When Catholics infiltrated Ireland in the 1st century CE, they rebranded many pagan holidays to fit their religion. November 1 became the “feasts of All Saints and All Souls," and the day before it was dubbed "All-Hallows'-Eve." The new holidays looked a lot different from the original Celtic festival, but many traditions stuck around, including the practice of honoring the dead with food. The food of choice for Christians became "soul cakes," small pastries usually baked with expensive ingredients and spices like currants and saffron.

Instead of leaving them outside for passing ghosts, soul cakes were distributed to beggars who went door-to-door promising to pray for souls of the deceased in exchange for something to eat. Sometimes they wore costumes to honor the saints—something pagans originally did to avoid being harassed by evil spirits. The ritual, known as souling, is believed to have planted the seeds for modern-day trick-or-treating.

Souling didn't survive the holiday's migration from Europe to the United States. In America, the first Halloween celebrations were a way to mark the end-of-year harvest season, and the food that was served mainly consisted of homemade seasonal treats like caramel apples and mixed nuts. There were no soul cakes—or candies, for that matter—to be found.

It wasn't until the 1950s that trick-or-treating gained popularity in the U.S. Following the Great Depression and World War II, the suburbs were booming, and people were looking for excuses to have fun and get to know their neighbors. The old practice of souling was resurrected and made into an excuse for kids to dress up in costumes and roam their neighborhoods. Common trick-or-treat offerings included nuts, coins, and homemade baked goods ("treats" that most kids would turn their noses up at today).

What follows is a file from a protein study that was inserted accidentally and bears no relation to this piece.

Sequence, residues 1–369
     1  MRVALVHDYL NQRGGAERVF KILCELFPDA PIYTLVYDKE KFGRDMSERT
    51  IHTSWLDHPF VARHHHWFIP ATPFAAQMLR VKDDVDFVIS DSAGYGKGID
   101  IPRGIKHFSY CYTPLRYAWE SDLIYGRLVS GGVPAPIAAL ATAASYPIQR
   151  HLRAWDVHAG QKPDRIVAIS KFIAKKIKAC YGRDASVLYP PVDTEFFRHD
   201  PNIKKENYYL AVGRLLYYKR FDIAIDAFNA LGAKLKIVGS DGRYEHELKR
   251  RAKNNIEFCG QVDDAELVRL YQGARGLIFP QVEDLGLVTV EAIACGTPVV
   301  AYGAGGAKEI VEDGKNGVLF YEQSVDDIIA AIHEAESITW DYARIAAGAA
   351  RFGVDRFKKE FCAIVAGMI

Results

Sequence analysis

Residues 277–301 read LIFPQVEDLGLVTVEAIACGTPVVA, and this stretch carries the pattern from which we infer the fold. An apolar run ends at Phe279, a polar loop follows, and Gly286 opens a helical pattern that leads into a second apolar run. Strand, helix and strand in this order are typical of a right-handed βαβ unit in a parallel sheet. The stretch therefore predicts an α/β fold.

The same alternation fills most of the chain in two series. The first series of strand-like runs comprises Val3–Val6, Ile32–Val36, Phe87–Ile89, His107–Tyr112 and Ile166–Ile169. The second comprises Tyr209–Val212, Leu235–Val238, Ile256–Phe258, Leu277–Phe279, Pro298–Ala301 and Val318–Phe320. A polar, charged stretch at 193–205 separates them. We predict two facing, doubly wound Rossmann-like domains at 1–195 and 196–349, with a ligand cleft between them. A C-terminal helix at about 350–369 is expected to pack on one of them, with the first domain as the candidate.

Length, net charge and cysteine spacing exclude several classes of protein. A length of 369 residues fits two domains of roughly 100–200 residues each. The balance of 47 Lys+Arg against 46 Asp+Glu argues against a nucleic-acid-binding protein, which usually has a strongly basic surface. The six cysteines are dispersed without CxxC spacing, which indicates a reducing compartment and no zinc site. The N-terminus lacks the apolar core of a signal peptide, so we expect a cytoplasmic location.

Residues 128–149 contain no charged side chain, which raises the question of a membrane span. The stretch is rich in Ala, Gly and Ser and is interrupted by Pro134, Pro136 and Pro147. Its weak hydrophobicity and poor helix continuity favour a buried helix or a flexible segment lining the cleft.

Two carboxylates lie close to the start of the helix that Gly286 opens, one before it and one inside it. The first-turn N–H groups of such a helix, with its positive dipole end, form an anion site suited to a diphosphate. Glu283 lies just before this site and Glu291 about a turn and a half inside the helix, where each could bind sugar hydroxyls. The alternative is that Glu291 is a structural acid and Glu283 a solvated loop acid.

That changed when the candy companies got their hands on the holiday. They had already convinced consumers that they needed candy on Christmas and Easter, and they were looking for an equally lucrative opportunity to market candy in the fall. The new practice of trick-or-treating was almost too good to be true. Manufacturers downsized candies into smaller, bite-sized packages and began marketing them as treats for Halloween. Adults were grateful to have a convenient alternative to baking, kids loved the sweet treats, and the candy companies made billions.

Today, it's hard to imagine Halloween without Skittles, chocolate bars, and the perennial candy corn debates. But when you're digging through a bag or bowl of Halloween candy this October, remember that you could have been having eating soul cakes instead.

Have you got a Big Question you'd like us to answer? If so, let us know by emailing us at bigquestions@mentalfloss.com.